Casual Astronomy, Spaceflight News and Lower California Weather

Astronomy & Spaceflight

By: LowerCal, 4:48 PM GMT on November 16, 2010

CURRENT MOON

moon phases


Scroll past the links below to find special events for current and future dates.
Scroll farther to find past events.


***** Links *****

Today - SpaceWeather.com
also EarthSky,
365 Days of Astronomy
& Bad Astronomy | Discover Magazine
This Week - SkyandTelescope.com - This Week's Sky at a Glance
also Jack Horkheimer - Star Gazer, Current Scripts
This Month - SkyandTelescope.com - Sky Tour Podcasts
also HubbleSite - Tonight's Sky: Your guide to constellations, deep sky objects, planets, and events
Anytime - Stellarium (free planetarium for your computer)
also Sky & Telescope Interactive Sky Chart (online planetarium)

Visible Satellites:
Simplest - Satellite Flybys by SpaceweatherPhone.com
More satellites and more info - Heavens-Above.com.

Launches:
Spaceflight Now - Worldwide Launch Schedule
also Vandenberg AFB Launch Schedule
& Wallops Flight Facility Launch Webcast & Blog
Reentries - Center for Orbital and Reentry Debris Studies - Upcoming & Recent Reentries

Live Aurora Cams:
Kiruna, Sweden
also Sodankyla, Finland
& Yellowknife, Canada (click on CONNECT AURORAMAX LIVE)


Most events described below can be viewed with your eyes alone.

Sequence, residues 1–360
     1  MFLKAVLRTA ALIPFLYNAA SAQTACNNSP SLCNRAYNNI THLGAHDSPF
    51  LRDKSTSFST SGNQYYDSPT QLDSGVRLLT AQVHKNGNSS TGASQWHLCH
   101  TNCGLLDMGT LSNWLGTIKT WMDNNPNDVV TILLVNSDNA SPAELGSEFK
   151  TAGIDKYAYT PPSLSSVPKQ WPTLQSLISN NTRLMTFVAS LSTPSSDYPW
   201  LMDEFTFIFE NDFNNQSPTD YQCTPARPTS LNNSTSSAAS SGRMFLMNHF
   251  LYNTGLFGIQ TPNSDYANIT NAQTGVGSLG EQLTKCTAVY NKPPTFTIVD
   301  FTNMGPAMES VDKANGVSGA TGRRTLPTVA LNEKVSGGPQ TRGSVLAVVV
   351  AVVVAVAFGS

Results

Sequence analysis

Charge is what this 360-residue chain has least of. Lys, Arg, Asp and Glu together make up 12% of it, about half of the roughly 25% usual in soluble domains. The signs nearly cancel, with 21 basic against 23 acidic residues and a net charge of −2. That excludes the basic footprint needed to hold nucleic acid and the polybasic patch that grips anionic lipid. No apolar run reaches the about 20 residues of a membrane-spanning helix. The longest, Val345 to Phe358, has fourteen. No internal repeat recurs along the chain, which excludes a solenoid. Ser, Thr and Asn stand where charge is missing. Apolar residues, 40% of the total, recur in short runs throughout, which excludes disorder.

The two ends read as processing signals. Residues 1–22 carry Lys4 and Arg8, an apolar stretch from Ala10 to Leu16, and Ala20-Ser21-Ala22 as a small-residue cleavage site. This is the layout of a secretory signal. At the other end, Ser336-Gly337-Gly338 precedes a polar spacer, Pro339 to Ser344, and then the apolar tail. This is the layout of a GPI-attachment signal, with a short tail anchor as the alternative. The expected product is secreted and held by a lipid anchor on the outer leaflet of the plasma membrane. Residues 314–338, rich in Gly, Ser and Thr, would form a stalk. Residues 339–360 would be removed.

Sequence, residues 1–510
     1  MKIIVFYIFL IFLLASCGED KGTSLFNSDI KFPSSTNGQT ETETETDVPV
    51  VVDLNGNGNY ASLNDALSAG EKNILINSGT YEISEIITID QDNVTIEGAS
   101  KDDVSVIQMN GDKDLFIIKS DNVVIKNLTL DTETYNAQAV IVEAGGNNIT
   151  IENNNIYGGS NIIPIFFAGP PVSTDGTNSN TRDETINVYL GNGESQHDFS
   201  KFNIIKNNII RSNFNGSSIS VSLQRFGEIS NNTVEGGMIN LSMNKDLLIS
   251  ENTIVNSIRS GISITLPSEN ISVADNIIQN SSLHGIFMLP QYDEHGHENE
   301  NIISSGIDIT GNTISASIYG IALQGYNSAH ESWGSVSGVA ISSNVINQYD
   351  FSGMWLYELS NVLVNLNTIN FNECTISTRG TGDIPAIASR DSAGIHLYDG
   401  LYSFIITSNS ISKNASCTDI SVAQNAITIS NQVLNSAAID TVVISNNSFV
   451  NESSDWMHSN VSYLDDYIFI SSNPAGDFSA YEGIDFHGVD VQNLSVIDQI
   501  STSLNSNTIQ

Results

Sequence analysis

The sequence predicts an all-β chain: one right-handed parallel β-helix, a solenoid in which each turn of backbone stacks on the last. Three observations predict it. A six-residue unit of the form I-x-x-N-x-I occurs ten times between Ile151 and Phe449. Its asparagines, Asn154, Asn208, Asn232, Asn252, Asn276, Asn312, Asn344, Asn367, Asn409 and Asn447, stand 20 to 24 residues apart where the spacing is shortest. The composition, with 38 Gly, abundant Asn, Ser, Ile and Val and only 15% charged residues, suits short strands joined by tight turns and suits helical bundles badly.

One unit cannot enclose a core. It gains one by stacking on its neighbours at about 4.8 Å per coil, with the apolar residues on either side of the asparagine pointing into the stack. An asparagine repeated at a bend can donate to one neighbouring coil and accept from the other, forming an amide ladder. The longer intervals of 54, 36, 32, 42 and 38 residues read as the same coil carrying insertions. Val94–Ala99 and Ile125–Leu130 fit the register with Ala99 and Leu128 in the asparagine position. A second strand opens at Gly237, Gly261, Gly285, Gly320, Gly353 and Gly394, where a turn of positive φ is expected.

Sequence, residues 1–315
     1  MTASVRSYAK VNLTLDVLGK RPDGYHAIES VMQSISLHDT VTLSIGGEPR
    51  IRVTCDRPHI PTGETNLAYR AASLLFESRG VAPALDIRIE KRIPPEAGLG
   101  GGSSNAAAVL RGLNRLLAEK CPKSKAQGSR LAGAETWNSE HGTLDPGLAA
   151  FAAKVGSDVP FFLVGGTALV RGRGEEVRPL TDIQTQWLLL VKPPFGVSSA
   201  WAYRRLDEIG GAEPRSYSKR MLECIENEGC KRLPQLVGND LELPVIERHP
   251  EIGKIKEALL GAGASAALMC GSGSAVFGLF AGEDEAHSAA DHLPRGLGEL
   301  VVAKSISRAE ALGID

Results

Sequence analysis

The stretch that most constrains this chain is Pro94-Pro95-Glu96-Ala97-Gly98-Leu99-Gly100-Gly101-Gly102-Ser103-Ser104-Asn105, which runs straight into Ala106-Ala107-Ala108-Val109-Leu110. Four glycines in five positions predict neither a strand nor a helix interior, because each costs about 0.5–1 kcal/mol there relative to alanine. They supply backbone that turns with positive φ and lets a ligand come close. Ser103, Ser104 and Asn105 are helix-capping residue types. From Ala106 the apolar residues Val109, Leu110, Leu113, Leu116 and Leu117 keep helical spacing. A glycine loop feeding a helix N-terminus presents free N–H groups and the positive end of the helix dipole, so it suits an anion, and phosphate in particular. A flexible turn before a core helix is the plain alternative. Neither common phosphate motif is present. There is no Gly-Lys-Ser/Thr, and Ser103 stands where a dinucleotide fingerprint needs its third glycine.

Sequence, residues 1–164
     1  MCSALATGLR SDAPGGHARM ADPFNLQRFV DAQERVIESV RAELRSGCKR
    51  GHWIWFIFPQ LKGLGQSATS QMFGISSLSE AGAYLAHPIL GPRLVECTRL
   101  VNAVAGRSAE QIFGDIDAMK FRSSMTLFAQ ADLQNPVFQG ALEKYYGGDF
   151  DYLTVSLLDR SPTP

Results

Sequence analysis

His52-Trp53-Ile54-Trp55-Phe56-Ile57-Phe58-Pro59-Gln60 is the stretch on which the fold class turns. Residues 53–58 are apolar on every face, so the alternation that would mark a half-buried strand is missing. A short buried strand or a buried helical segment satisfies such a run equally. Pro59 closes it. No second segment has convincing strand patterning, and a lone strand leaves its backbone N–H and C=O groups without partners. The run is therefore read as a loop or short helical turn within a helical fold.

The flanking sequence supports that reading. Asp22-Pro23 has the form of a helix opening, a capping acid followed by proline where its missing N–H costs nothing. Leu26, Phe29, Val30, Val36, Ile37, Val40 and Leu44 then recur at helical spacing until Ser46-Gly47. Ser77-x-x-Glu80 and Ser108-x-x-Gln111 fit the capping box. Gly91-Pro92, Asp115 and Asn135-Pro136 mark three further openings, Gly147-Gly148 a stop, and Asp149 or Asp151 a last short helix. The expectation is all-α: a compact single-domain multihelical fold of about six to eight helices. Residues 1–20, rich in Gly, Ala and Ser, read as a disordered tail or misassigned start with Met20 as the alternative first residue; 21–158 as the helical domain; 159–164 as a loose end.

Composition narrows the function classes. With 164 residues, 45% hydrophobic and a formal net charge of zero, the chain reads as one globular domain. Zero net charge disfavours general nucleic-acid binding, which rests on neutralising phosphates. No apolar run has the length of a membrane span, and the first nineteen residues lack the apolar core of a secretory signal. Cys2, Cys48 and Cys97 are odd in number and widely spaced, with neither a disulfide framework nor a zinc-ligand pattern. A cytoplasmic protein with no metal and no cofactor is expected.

Occasionally simple binoculars will improve the view and that will be noted.


***** Current & Future Events *****

See the comment section.


Events earlier than those listed below will be found in previous blog entries.

***** Past Events *****

Lunar Apogee (Greek apo, away from + Greek Gaia, Earth)

Image credit: Pearson Scott Foresman

Exact at
November 15
1148 GMT
6:48am EST
3:48am PST.

The Moon is at its farthest distance in its non circular orbit around Earth. The Moon is about 12% farther than at its closest distance (perigee - Greek peri, near + Greek Gaia, Earth) and the Moon's gravitational influence on Earth and its oceans is about 20% less (due to the inverse square law).


Leonid Meteor Shower Peak(s)

WunderPhoto: Searching for Shooting Stars by johnlanoue Monday October 8, 2007

November 17
1500 & 2115 GMT
and
November 17 or 18, Moonset until Dawn (about 2AM-5AM local time)

The Leonids are visible from the Northern Hemisphere and the Southern Tropics. This year the peak times favor the Pacific from Alaska and Hawaii west to the International Date Line (IDL) in the early morning of November 17. West of the IDL through most of Asia is favored in the early morning of November 18.

The maximum rate is forecast to be about 20 per hour this year but has been variable recently.

Source and more information at
Leonids, IMO Meteor Shower Calendar 2010 | International Meteor Organization.

For Better Viewing
Find a Dark Location